Somehow, I've managed to get through my school and uni days without ever studying Twelfth Night, and while I knew the general jist, it just happens to be one that I've inadvertantly avoided.
Knowing that it was a cross-dressing, mistaken identity play, I was concerned that it might be a bit of a trial to keep up, and director Neil Bartlett hardly made things easier by having women play the comedy roles of Sir Toby Belch, Sir Andrew Aguecheek and Fabian, and a man play Viola when she is pretending to be a man. But these decisions didn't lead to any confusion - in fact, in the case of the comedy characters, it was rather hard to understand why Bartlett had made the decision at all, as it made very little difference to the play. It didn't take anything from the play, but neither did it add anything, as it's already clear that issues of gender and cross-dressing are important, as the main storyline follows Viola's wooing of a Countess Olivia on her master's behalf - whom she loves - in male garb. As such, the decision to have Chris New play Viola made sense (and he portrayed her discomfort and awkwardness really well), but the extension of this to the comedy roles seemed a little arbitrary, funny as they were.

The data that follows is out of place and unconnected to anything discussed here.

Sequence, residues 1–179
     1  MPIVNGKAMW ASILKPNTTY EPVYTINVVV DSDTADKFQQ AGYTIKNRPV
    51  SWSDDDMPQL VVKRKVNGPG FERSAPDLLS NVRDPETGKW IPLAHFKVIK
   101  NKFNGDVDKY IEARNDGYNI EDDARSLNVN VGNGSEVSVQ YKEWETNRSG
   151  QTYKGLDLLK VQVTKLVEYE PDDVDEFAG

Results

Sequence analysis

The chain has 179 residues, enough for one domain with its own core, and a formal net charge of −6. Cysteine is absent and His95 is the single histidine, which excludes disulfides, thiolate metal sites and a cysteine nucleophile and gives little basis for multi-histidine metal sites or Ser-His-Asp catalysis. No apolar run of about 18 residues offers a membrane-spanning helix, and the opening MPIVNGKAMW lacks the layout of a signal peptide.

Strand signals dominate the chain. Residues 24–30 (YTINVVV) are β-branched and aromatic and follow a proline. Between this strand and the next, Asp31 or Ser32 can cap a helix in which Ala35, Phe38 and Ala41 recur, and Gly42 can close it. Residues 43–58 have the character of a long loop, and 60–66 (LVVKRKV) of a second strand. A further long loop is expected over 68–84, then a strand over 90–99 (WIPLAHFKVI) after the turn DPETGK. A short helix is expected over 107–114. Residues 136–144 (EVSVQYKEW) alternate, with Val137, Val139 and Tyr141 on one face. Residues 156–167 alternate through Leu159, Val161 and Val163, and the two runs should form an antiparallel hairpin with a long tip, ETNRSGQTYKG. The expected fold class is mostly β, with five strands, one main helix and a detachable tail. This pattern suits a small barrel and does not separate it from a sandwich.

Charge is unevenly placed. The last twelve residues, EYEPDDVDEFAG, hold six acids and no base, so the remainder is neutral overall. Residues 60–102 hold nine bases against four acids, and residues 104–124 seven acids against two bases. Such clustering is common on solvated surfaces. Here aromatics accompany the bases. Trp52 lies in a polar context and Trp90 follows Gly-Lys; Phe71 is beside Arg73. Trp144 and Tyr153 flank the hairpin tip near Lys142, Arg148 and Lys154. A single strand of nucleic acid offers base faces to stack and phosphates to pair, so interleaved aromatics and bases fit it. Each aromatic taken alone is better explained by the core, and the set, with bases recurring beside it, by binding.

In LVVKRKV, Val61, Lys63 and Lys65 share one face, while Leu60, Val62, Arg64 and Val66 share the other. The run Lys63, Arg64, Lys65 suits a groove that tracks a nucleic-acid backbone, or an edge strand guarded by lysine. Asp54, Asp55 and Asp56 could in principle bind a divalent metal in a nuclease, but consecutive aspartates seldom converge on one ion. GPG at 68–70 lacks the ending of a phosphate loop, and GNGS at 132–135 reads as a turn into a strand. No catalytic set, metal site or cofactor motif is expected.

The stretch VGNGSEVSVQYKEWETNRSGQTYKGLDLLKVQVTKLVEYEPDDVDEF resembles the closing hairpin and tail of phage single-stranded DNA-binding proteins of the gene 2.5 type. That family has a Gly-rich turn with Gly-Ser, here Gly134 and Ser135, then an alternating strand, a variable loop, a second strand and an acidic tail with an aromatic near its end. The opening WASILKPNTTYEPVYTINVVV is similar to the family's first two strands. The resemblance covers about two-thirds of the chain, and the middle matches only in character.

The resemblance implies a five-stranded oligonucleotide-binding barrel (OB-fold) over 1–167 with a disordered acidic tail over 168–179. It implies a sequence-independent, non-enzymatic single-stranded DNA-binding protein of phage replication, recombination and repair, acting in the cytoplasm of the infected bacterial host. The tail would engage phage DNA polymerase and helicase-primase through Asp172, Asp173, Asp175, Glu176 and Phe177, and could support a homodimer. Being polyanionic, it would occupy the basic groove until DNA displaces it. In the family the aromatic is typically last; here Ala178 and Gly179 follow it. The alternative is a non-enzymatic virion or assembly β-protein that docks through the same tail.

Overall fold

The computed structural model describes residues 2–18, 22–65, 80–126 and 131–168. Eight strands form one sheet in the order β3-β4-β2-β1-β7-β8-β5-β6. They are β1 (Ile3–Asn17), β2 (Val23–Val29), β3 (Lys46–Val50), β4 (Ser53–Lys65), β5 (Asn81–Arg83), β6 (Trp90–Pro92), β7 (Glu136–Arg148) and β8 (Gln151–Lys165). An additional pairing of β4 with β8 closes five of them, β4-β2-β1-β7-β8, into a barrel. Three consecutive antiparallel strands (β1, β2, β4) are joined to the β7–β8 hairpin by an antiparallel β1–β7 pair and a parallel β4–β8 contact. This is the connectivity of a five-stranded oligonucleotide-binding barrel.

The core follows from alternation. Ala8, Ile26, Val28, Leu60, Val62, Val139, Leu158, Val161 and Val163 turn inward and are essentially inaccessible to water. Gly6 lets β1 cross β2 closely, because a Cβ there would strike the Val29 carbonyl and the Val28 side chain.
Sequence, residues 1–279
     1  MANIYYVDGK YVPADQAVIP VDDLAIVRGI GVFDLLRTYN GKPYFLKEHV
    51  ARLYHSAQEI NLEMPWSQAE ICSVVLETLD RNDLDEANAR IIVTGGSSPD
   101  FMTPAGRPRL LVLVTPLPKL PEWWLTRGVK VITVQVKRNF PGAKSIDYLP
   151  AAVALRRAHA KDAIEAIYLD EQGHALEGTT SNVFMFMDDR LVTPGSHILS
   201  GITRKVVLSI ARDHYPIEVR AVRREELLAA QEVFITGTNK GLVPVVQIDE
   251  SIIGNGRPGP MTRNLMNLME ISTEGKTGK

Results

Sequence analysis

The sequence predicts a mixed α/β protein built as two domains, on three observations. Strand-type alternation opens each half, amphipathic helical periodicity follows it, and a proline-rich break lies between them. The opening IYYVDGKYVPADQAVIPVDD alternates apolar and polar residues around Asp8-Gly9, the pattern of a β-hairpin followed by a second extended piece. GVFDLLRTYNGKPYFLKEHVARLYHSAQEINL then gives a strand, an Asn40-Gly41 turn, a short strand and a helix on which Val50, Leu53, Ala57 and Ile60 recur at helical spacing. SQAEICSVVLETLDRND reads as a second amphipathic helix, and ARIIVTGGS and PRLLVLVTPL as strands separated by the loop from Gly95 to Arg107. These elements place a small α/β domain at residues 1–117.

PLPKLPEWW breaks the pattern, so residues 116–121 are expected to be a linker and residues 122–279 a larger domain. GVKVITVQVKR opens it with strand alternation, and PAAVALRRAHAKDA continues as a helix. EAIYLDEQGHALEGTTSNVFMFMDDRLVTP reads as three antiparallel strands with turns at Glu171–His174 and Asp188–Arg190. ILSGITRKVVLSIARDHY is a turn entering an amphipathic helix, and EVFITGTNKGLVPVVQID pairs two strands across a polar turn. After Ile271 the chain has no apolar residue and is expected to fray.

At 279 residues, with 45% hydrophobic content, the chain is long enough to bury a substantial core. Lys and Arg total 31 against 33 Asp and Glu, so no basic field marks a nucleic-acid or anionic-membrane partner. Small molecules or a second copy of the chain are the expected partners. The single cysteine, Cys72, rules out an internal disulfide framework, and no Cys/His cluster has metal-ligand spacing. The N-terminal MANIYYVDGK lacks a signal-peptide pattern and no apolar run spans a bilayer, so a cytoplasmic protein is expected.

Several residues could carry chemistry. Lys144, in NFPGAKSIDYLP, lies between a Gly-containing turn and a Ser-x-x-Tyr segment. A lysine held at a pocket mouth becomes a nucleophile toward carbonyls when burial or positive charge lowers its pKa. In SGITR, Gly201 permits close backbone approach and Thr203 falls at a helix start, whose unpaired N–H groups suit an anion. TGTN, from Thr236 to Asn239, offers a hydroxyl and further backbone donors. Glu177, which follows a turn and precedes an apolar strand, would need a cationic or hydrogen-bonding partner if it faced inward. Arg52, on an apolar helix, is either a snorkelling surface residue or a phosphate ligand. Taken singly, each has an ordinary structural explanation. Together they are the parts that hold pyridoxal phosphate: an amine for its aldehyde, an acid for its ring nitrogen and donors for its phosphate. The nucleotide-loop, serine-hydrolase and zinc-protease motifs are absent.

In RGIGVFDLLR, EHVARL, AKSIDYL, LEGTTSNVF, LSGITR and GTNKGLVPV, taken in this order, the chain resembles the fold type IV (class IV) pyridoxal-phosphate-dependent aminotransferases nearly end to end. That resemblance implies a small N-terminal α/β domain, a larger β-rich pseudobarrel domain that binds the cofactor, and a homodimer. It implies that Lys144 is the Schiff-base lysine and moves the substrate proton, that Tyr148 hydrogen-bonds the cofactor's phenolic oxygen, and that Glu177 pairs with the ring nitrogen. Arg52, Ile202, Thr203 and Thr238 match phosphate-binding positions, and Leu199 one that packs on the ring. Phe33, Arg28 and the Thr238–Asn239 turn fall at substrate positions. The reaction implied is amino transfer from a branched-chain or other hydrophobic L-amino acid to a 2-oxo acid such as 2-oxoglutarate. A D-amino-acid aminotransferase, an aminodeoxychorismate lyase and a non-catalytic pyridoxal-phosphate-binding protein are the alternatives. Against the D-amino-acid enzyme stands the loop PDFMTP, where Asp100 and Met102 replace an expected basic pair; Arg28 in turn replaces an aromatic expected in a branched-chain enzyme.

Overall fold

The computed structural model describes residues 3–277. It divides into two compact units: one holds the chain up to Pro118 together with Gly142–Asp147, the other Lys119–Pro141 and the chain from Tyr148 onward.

More interesting was the treatment of the fool, Feste. Here, he was not played simply for laughs, but became a narrator, commentator, musical accompianist (he played the piano which was permanently on stage), and actually a rather dark figure, who encourages Sir Toby, Sir Andrew and Maria as they play mind-games with Olivia's steward, Malvolio. He revels in Malvolio's madness as he is (wrongly) persuaded that Olivia loves him, and as a result, we feel Malvolio's abuse - as it is in fact called in the final scene - all the more keenly. It becomes much more than a ridiculous comic sub-plot.
Malvolio - you might remember - is played by John Lithgow, and he is brilliant. Well, he's pretty much playing the classic John Lithgow part -superior, deluded, generally disliked - but you can't say that's not incredibly funny. It's the stand-out performance of the night, along with Chris New and James Clyde (Feste), in a production otherwise lacking striking performances; the Duke and Olivia particularly never seemed to get out of second gear.
This production is genuinely funny, and the great performances really were great - but there are too many random choices and underwhelming performances to make it a classic.